Shari Eberts says:

      Thanks for sharing your thoughts.

  4. How do they make dead hearing aid alive again. After five years they die. So cannot see how you could lease them. Lol. Maybe this is for all the fancy high end hearing aids, that do cost a lot of money. I have a basic modesl this has serve me well all my life, deaf since birth.

    1. Shari Eberts – NYC – Shari Eberts is a hearing health advocate, writer, speaker and avid Bikram yogi. She blogs at LivingWithHearingLoss.com and serves on the Board of Trustees of Hearing Loss Association of America. She is the former Board Chair of Hearing Health Foundation. Shari has an adult-onset genetic hearing loss and hopes that by sharing her story, it will help others to live more peacefully with their own hearing issues.
      Shari Eberts says:

      The useful life of a hearing aid is another potential issue. Thanks for raising it.

  5. I’m with Sherman. Paying forever sounds awful, particularly since the figure i have seen is $200 a month. My aids have lasted 5 to 10 years, and with adjustments from the dealer, perhaps even longer. I want some time with them paid off. I can get so called Hearing Aid coverage from my HMO, but I have to use their vendor.

    1. Shari Eberts – NYC – Shari Eberts is a hearing health advocate, writer, speaker and avid Bikram yogi. She blogs at LivingWithHearingLoss.com and serves on the Board of Trustees of Hearing Loss Association of America. She is the former Board Chair of Hearing Health Foundation. Shari has an adult-onset genetic hearing loss and hopes that by sharing her story, it will help others to live more peacefully with their own hearing issues.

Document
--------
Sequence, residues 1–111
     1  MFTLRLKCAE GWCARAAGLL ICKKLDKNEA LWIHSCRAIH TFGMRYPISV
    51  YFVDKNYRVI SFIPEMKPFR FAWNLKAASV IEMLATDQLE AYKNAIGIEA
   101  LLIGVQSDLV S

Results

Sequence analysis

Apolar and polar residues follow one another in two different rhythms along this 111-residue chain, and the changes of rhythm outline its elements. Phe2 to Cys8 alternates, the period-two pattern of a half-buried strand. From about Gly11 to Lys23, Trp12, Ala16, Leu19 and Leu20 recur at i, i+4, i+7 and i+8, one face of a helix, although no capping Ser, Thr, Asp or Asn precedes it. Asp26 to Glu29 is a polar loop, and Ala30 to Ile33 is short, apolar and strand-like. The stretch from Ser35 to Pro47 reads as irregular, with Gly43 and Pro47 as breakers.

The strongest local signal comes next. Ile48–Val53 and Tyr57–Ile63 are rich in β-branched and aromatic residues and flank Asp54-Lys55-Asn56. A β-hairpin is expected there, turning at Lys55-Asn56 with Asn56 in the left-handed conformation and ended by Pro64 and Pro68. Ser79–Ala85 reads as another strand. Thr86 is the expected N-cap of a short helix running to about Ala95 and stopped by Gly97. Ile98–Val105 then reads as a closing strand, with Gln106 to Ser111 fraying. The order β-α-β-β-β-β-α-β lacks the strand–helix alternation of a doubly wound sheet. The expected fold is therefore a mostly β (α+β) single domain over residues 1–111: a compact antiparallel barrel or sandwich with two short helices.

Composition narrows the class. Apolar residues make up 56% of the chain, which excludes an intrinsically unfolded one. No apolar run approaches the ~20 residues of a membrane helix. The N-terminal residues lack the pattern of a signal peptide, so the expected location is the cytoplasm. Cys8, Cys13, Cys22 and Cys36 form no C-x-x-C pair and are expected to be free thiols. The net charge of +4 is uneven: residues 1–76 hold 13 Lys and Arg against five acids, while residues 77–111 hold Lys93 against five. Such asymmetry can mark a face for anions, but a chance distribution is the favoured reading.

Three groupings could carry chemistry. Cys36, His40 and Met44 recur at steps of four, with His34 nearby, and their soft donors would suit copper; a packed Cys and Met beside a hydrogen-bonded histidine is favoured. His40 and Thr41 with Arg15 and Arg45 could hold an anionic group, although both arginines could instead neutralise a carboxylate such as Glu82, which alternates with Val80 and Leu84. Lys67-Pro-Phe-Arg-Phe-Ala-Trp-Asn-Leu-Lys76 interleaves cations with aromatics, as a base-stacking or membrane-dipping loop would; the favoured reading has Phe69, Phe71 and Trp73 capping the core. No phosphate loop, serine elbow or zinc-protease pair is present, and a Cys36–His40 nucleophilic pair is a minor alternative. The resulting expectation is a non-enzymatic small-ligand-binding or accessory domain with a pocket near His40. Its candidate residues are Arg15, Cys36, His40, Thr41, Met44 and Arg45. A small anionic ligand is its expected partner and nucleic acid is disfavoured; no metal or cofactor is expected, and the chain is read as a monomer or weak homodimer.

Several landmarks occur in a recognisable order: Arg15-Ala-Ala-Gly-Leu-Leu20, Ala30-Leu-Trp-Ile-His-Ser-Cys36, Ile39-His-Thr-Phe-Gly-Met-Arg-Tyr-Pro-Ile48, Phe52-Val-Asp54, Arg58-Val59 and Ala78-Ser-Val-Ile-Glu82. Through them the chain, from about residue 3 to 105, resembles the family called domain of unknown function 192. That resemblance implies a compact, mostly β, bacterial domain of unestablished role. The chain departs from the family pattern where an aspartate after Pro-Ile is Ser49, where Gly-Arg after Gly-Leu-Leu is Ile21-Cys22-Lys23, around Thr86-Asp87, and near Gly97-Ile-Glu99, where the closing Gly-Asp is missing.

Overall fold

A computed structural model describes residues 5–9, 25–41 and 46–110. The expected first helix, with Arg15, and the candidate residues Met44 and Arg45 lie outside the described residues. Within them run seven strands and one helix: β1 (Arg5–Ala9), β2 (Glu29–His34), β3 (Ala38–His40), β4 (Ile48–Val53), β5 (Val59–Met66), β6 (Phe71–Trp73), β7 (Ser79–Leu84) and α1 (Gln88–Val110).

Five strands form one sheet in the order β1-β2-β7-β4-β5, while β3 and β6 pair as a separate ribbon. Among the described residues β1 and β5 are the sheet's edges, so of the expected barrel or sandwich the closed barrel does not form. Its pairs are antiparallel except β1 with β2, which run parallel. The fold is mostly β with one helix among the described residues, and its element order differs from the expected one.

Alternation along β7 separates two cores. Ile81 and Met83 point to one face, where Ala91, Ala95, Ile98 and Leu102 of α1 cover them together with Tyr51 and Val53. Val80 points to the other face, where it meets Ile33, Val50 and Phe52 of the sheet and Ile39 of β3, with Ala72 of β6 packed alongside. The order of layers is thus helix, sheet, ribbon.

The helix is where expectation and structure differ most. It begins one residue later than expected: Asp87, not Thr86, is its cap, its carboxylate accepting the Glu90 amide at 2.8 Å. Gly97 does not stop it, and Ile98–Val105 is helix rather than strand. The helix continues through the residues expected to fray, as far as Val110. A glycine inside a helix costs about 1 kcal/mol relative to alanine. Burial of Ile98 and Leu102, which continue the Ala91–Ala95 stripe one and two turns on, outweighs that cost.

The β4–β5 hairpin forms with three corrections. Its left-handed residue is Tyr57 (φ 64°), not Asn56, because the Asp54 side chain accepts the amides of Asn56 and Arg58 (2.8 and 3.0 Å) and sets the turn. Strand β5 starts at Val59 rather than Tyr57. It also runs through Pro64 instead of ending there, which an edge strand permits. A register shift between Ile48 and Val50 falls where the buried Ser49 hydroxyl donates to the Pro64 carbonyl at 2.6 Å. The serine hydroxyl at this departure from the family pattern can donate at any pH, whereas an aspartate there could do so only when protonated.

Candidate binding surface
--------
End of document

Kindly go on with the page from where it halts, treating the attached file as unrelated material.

Shari Eberts says:

      Thank you for sharing your perspective.

    1. Shari Eberts – NYC – Shari Eberts is a hearing health advocate, writer, speaker and avid Bikram yogi. She blogs at LivingWithHearingLoss.com and serves on the Board of Trustees of Hearing Loss Association of America. She is the former Board Chair of Hearing Health Foundation. Shari has an adult-onset genetic hearing loss and hopes that by sharing her story, it will help others to live more peacefully with their own hearing issues.
      Shari Eberts says:

      Lol! Thanks for your comment.

    1. Shari Eberts – NYC – Shari Eberts is a hearing health advocate, writer, speaker and avid Bikram yogi. She blogs at LivingWithHearingLoss.com and serves on the Board of Trustees of Hearing Loss Association of America. She is the former Board Chair of Hearing Health Foundation. Shari has an adult-onset genetic hearing loss and hopes that by sharing her story, it will help others to live more peacefully with their own hearing issues.
      Shari Eberts says:

      Thanks for sharing your thoughts.

  6. 6000 is 100$/MN over 5 years(usual life of aids) How many people have prescription drugs costing that much? The cost of aids should be factored into provincial and federal support programs.

    1. Shari Eberts – NYC – Shari Eberts is a hearing health advocate, writer, speaker and avid Bikram yogi. She blogs at LivingWithHearingLoss.com and serves on the Board of Trustees of Hearing Loss Association of America. She is the former Board Chair of Hearing Health Foundation. Shari has an adult-onset genetic hearing loss and hopes that by sharing her story, it will help others to live more peacefully with their own hearing issues.
      Shari Eberts says:

      Insurance coverage is critical! Thank you for sharing your thoughts.